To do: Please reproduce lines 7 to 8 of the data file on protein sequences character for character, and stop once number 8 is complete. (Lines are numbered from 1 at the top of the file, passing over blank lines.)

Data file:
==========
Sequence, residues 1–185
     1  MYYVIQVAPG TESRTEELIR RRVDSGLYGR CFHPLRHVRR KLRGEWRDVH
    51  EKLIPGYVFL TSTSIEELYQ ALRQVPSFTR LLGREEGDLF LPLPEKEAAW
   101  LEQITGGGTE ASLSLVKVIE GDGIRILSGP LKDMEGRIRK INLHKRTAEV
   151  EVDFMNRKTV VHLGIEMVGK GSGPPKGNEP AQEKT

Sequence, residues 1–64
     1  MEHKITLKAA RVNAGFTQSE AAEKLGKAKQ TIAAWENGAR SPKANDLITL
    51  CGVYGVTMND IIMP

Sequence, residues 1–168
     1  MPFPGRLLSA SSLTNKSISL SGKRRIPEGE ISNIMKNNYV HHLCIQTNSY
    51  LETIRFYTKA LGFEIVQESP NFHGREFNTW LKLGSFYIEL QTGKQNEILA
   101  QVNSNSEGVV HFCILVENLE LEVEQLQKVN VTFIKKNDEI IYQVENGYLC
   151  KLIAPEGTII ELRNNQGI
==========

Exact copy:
     1  MEHKITLKAA RVNAGFTQSE AAEKLGKAKQ TIAAWENGAR SPKANDLITL
    51  CGVYGVTMND IIMP